Saturday's attack is the biggest on Saudi oil infrastructure since Saddam Hussein's invasion of Kuwait in 1990.Energyread more
"Blaming Iran won't end disaster. Accepting our April '15 proposal to end war & begin talks may," Zarif said on Twitter.Energyread more
Oil prices are expected to jump as much as $10 per barrel after a coordinated drone strike hit Saudi Arabia's largest oil field, forcing the kingdom to cut its oil output in...Marketsread more
Apple's new iPhones can still send texts, download apps, and make video calls, but the company spends a lot of time and effort marketing its new phones as powerful photography...Technologyread more
Some U.S. manufacturers say tariffs, if targeted, will help address longstanding unfair trade practices like intellectual property theft.Traderead more
The trucking industry is worth hundreds of billions of dollars per year. Uber is going after this market with Uber Freight, an online platform that matches truckers with...Technologyread more
Supporters of a $15 minimum wage ballot initiative in Florida argue the state's inflation-tied pay hikes have not gone far enough.2020 Electionsread more
Saudi Arabia shut down half its oil production Saturday after drone strikes hit the world's largest oil processing facility in an attack claimed by Yemen's Houthi rebels.Politicsread more
Trusii's hydrogen water machines were supposed to help users with their health problems, but customers claim the company is involved in a giant scam.Technologyread more
The decoupling of the world's two weightiest economies seems as inescapable as its extent and global impact remains incalculable.Politicsread more
BlackBerry has reinvented itself to become a leader in securing mobile communications and in embedded communications. Next year it plans to roll out new products. CEO John...Evolveread more
Mexican national oil company Pemex can keep 101 oil and gas exploration blocks it was granted in 2014 under the government's sweeping energy reform, after the energy ministry approved a two-year deadline extension to invest in them, two sources said on Monday.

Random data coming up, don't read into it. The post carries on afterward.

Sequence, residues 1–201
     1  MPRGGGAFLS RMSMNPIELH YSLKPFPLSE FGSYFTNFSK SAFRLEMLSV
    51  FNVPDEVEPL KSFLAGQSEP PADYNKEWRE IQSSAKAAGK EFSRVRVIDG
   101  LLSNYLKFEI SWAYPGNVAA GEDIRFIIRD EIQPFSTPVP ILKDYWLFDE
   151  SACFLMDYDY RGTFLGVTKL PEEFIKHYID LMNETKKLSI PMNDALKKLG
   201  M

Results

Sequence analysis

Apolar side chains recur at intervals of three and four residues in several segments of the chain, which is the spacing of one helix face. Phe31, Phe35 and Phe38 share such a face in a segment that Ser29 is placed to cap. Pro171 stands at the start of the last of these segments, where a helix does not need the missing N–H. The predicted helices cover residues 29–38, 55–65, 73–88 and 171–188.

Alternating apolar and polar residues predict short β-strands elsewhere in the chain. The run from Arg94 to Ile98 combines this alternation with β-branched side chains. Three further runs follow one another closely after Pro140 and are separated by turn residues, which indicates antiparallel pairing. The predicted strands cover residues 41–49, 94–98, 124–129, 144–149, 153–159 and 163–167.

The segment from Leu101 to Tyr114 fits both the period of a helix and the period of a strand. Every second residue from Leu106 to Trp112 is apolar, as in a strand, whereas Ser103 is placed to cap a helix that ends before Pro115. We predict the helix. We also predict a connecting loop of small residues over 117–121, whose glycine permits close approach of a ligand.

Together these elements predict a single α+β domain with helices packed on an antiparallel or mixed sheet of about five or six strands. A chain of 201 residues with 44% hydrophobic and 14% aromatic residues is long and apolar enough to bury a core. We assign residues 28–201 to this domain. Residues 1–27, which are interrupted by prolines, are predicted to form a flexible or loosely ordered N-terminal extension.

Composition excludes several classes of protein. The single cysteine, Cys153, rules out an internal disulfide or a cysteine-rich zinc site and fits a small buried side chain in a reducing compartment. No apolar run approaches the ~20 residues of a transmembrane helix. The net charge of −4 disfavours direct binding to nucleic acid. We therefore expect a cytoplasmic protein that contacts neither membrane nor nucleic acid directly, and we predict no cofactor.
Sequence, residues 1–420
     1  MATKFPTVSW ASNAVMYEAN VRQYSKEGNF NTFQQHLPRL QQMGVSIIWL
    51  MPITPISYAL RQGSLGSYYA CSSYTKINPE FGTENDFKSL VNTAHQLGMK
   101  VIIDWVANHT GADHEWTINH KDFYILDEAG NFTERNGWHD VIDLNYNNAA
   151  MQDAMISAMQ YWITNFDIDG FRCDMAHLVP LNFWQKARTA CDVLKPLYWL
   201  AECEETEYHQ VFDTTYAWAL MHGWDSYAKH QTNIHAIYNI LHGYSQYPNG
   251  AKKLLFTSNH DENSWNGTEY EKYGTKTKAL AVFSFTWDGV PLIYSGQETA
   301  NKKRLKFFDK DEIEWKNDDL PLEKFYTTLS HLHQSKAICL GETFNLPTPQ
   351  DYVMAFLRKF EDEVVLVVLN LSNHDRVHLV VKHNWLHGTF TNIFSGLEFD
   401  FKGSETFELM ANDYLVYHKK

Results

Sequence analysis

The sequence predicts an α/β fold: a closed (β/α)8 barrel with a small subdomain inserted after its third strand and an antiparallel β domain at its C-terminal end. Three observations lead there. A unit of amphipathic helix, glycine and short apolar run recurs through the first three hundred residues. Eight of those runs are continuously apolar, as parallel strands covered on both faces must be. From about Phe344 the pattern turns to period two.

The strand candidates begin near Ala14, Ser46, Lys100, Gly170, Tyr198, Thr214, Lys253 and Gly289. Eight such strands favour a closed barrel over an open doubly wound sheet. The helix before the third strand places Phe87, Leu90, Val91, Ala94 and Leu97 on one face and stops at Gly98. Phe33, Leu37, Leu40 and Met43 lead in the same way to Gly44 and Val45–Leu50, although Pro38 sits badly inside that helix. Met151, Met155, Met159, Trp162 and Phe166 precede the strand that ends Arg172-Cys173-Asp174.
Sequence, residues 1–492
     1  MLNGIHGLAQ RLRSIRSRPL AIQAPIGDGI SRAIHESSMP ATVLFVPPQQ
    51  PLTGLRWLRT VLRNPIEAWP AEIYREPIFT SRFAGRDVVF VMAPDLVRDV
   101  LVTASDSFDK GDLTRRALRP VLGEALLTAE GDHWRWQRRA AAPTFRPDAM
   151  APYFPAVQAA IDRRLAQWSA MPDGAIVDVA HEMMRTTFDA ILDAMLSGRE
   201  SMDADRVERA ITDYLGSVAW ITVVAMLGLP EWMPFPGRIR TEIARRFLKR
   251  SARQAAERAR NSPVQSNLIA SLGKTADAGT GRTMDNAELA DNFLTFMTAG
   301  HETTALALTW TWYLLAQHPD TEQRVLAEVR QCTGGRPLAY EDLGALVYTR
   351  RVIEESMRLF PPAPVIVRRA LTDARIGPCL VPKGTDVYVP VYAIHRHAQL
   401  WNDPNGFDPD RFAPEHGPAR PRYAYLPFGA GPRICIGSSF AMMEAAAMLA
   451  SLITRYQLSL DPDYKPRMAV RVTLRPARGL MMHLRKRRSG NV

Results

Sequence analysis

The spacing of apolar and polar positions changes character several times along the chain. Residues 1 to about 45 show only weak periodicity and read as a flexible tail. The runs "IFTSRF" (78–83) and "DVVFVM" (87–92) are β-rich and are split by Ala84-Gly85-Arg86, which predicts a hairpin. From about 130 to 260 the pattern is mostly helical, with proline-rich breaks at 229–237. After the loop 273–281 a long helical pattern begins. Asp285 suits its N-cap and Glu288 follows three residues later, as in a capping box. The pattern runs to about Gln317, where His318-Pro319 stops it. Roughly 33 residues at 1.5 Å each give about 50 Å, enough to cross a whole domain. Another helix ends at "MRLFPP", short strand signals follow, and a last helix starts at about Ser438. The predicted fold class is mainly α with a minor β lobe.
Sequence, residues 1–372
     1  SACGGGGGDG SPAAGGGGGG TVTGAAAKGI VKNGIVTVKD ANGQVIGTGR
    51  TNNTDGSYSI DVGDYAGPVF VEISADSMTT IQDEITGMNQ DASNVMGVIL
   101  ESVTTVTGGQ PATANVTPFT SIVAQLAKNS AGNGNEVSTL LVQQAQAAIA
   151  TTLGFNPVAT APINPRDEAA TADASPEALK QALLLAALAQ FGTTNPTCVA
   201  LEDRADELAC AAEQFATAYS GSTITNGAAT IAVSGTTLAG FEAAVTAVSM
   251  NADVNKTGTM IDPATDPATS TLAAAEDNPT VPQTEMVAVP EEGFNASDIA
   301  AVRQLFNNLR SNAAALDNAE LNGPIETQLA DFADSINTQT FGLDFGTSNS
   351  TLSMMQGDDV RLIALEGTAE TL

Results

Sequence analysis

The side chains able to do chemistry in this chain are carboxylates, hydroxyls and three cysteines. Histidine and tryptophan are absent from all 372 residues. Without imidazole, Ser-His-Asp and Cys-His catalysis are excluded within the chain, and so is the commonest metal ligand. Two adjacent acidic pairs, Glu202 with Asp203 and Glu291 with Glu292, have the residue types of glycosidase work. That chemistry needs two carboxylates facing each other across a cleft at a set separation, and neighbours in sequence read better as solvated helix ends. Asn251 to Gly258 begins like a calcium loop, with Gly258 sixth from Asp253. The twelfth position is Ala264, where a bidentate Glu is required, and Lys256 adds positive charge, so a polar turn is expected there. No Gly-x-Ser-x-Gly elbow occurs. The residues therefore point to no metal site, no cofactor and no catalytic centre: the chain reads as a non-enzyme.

The leases on the blocks, which represent about a fifth of the company's total exploration and production projects, were set to expire last weekend.
The energy reform, which ended Pemex's decades-long monopoly, allowed Petróleos Mexicanos, as it is officially known, to keep most of its previous leases on the condition that it perform a minimum level of work on the fields.
The reform's fine print required all lease holders to invest in their projects within three years or risk losing them. Pemex was unable to comply due to several rounds of budget cuts, and the global oil price slump dramatically reduced its cash flow.
The energy ministry did not immediately respond to a request for comment.
Pemex is seeking a joint venture partner for its Maximino-Nobilis exploratory block in the Gulf of Mexico's deep waters, and has established a tie-up for its nearby Trion block with Australian mining and oil company BHP Billiton.
Three other exploratory leases face a legal challenge, and two more — one onshore and another in deep waters — were not granted the two-year extension, according to one of the sources.
The sources requested anonymity because they were not authorized to publicly discuss the matter.
The extensions give Pemex more time to execute minimum investment plans for the projects, but failure to do so would force it to return the acreage to the state for possible inclusion in future oil auctions.
Pemex was also given 286 extraction leases that are not affected by the investment requirement under the so-called Round Zero tender in 2014.
Since then, Mexico has conducted seven international oil auctions of onshore and offshore acreage that formerly belonged to Pemex.
The auctions have led to 70 new contracts that the energy ministry has estimated will bring $59 billion in new investment over the lifetime of the contracts.